In 1895, 1897, and 1898, Rudolf-Ernst Brünnow, professor of Semitic philology and languages at the University of Heidelberg, and his friend and colleague Alfred von Domaszewski explored the former Roman provinces in the area that today comprises parts of Syria, Jordan, and Lebanon. Brünnow took photographs of Amman, Bosra, Petra, and other sites in the region. One of the most interesting sites explored by this expedition was the palace of Mshatta (“the winter camp” in Arabic) in Jordan, a key monument of early Islamic art in the Levant. Despite the damage inflicted on the building by time and man, and despite the fact that it was never finished, the remains of corner towers and buttresses still convey the impression of a powerful building.
The outstanding feature of the Mshatta palace is the intricately carved decoration on its facade. Sitting on elaborately articulated moldings and framed by a rectangular field 13 feet high, the facade is dominated by a monumental zigzag band enclosing rosettes carved in high relief. During the campaign of 1898 Brünnow visited Mshatta, where he carefully documented and systematically photographed this carved stone facade.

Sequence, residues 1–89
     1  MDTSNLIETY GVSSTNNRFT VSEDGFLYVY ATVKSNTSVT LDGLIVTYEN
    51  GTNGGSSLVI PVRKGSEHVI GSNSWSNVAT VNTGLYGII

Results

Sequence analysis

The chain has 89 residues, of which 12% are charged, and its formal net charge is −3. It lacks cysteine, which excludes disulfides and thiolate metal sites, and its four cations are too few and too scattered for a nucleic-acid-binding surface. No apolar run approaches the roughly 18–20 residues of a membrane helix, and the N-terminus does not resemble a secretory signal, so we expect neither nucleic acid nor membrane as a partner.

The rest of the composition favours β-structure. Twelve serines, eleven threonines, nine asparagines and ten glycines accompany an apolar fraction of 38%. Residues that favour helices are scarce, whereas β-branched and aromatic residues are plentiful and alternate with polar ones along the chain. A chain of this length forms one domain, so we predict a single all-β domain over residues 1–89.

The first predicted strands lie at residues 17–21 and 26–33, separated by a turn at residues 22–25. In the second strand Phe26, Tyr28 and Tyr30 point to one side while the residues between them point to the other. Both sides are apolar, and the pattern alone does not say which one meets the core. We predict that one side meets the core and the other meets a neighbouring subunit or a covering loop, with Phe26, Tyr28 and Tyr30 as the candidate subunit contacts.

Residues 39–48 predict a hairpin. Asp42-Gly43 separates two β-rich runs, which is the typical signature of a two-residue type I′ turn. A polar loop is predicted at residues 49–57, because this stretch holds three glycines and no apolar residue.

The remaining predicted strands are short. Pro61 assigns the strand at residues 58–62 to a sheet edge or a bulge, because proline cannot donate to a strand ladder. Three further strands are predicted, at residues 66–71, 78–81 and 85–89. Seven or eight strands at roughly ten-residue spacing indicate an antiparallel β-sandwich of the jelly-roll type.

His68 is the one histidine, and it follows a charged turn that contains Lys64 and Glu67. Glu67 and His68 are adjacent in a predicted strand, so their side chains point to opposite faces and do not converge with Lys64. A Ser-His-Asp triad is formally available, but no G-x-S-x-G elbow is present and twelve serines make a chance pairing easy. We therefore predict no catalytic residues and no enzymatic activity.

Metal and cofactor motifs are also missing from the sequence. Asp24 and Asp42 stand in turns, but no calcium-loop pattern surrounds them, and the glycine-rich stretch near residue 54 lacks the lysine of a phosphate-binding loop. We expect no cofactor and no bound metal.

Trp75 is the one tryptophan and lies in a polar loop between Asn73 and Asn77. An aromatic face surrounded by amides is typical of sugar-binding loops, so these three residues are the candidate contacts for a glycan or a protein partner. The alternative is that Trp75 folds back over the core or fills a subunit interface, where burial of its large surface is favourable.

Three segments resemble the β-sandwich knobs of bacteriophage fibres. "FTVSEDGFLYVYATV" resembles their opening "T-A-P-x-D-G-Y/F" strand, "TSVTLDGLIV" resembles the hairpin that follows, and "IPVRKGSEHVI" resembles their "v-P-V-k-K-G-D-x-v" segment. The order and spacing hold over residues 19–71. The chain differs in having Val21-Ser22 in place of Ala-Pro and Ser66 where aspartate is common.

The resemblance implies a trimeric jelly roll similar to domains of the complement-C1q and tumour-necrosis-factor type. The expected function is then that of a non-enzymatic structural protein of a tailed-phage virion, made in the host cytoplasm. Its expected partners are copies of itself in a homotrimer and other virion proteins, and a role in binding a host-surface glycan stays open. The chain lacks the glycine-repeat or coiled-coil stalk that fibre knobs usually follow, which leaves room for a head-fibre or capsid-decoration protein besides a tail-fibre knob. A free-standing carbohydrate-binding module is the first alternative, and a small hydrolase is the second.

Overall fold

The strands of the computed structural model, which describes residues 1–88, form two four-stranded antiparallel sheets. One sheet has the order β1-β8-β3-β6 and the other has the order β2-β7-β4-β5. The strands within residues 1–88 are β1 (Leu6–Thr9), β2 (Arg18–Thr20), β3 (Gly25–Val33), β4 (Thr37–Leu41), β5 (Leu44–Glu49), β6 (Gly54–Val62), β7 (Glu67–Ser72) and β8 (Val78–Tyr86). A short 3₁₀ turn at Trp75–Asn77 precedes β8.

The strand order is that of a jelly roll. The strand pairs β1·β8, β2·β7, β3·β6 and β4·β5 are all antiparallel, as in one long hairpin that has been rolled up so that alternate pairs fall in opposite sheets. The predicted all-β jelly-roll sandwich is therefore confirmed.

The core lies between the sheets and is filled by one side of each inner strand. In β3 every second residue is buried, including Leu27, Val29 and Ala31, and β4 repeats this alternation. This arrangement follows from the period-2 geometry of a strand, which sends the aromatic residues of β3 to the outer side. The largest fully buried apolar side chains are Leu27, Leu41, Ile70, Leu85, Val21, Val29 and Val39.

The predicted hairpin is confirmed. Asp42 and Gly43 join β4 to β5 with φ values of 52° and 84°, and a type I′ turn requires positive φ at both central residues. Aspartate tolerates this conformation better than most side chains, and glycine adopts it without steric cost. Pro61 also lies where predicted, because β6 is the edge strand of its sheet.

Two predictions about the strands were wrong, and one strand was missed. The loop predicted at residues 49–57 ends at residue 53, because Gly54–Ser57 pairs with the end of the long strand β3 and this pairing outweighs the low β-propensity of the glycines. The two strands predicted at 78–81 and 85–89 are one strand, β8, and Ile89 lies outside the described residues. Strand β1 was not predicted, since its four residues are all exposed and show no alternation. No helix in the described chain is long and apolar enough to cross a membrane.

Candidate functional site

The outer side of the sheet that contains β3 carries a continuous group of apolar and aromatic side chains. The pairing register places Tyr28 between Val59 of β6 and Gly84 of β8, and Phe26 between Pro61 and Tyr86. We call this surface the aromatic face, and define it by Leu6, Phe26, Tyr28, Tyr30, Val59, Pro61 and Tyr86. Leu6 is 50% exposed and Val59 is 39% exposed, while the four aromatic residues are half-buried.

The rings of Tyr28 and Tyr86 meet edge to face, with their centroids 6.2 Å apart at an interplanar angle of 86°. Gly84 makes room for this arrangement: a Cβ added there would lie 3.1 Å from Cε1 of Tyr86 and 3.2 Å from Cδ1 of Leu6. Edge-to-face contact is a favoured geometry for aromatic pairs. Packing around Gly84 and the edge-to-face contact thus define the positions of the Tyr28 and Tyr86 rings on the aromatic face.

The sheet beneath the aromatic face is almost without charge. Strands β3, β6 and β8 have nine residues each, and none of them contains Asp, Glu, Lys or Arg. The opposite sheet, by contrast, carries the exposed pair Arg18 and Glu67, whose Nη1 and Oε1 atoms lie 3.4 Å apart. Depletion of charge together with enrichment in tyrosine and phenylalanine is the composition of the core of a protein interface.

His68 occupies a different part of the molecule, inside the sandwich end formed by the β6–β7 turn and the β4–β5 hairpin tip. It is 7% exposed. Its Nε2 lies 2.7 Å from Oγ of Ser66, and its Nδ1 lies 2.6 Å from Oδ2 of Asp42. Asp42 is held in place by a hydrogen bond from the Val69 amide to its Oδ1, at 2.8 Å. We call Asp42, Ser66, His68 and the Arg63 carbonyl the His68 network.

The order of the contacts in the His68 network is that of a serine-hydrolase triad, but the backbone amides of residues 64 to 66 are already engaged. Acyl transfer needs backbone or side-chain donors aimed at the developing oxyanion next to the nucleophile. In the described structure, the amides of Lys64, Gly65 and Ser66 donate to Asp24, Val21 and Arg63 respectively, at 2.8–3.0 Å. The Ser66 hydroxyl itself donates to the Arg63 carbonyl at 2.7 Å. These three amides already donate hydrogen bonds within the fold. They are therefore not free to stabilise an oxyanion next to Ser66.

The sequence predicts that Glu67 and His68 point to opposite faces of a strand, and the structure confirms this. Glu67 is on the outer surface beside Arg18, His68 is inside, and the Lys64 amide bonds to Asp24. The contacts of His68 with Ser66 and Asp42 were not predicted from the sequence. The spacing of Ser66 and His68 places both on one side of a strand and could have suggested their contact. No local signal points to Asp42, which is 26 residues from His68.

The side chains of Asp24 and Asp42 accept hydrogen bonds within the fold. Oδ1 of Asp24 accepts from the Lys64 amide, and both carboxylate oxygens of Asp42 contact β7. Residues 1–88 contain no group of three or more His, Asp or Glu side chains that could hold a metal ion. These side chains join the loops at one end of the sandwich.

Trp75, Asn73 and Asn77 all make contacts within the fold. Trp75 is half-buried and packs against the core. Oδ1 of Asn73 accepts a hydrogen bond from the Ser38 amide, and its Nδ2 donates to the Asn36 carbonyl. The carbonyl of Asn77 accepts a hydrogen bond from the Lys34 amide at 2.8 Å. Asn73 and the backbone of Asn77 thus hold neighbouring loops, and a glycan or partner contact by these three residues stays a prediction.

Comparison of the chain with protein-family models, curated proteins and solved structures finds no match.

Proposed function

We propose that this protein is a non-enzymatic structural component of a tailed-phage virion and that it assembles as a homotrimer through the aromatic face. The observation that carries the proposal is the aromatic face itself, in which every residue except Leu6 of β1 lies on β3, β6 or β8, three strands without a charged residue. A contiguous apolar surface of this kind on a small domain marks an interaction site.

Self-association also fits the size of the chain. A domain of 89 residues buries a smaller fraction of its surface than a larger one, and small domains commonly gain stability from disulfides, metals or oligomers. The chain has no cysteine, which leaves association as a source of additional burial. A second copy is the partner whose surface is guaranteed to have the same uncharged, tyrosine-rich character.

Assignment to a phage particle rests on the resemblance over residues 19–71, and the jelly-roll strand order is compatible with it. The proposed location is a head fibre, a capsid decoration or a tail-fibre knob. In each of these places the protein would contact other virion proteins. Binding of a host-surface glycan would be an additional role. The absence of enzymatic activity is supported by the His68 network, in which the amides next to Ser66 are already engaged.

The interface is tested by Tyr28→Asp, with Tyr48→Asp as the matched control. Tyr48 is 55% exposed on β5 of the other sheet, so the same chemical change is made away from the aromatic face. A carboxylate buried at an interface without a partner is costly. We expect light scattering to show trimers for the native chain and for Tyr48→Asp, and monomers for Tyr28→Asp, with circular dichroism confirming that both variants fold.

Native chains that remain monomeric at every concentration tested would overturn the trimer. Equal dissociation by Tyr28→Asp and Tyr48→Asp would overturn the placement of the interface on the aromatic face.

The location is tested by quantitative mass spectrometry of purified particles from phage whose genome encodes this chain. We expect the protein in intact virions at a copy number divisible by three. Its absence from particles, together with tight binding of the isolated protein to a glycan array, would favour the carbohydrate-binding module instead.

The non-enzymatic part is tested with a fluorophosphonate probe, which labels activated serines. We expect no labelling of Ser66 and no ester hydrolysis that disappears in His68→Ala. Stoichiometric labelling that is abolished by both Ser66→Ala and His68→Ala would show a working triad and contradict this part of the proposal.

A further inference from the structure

When the Mshatta palace was threatened by building activities connected with the nearby railway, German archaeologists petitioned the imperial court at Berlin to secure the facade for the newly built Kaiser Friedrich Museum in Berlin. Emperor Wilhelm II intervened, and the Ottoman sultan Abd l-Hamid II donated the facade to the museum. Today those facade and wall sections can be seen in the Museum of Islamic Art in Berlin. When the sections of the facade and walls were removed in 1903, the base moldings and five of the decorative triangular panels were left behind. The facade’s last standing remains can still be seen at Mshatta, but those parts of the carved walls that were not sent to Berlin have disappeared and must be considered lost. The complete facade, as it was in the mid-eighth century A.D., exists only in the photographs that were taken as part of Brünnow’s extensive documentation of the site.